Just.Equal urges Australia to drop ban on gay blood donors
An urgent call for more blood donations has reignited debate over Australia’s blood donation policy.
A rise in flu and COVID-19 cases has seen the country’s blood supply fall to critical levels.
This week Lifeblood is calling on 17,500 Australians to roll up their sleeves
The shortage was attributed to appointment cancellations due to cold and flu season.
However, LGBTQIA+ advocacy group Just.Equal said allowing gay men to donate would help solve the blood supply crisis.
Just.Equal is campaigning for Australia to follow the lead of other countries in adopting a blood donation policy that focuses on risky sexual activity, not the sex of the sexual partner.
Calls on Australia to adopt individual risk assessment
Last week, Austria joined the UK, Canada, France and Germany in lifting the ban on donors for men who have sex with men.
“These countries have dropped their old ban on blood donation by gay and bisexual men, and transgender women who have sex with men, and instead assess each donor for individual risk,” the spokesperson said. by Just.Equal Australia, Rodney Croome.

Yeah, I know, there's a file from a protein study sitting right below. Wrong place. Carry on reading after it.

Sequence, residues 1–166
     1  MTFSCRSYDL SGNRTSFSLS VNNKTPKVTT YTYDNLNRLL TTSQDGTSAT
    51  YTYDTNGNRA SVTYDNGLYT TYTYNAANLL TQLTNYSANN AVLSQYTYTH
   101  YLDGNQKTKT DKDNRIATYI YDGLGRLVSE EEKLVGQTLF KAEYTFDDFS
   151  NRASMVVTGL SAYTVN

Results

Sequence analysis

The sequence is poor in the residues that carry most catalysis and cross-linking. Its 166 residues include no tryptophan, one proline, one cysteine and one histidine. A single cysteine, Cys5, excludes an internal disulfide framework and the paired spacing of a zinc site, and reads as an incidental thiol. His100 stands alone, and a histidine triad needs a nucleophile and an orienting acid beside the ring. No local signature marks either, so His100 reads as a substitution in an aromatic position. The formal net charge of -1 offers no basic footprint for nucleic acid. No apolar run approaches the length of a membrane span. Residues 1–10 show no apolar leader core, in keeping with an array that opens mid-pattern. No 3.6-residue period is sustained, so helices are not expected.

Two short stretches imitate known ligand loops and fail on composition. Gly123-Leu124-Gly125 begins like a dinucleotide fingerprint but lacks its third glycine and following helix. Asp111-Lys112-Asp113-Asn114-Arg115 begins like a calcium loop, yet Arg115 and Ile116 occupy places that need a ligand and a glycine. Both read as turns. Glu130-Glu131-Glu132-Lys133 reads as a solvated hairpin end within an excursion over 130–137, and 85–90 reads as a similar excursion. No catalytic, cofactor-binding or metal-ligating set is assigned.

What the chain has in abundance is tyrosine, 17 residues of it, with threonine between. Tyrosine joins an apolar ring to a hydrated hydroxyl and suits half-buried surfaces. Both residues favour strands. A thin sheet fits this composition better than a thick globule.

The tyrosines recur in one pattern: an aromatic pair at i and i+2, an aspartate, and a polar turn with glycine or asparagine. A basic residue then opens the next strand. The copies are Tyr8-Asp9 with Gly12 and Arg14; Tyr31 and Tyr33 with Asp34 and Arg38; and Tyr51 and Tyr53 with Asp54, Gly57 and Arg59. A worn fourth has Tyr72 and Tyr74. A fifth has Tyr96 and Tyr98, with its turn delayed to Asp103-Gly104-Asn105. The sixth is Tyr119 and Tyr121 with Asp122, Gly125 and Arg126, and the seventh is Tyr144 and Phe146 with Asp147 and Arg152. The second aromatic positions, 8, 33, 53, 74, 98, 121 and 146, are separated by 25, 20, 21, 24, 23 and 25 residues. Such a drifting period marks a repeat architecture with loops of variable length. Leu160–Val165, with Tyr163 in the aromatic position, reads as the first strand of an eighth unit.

“Our estimate is that adopting individual risk assessment in Australia would result in an additional 25,000 liters per year.”
Mr Croome said the individual risk assessment would also help identify heterosexual people at high risk.
“This is particularly important at a time when HIV rates among heterosexual Australians are rising,” he said.
“Individual risk assessment is a win-win solution because it eliminates discrimination and increases the supply of safe blood.”
Just.Equal commissioned its own report to examine the medical evidence surrounding MSM blood donation.
The report is available at equal.org.au/recommendations_msm_blood_donor_deferrals
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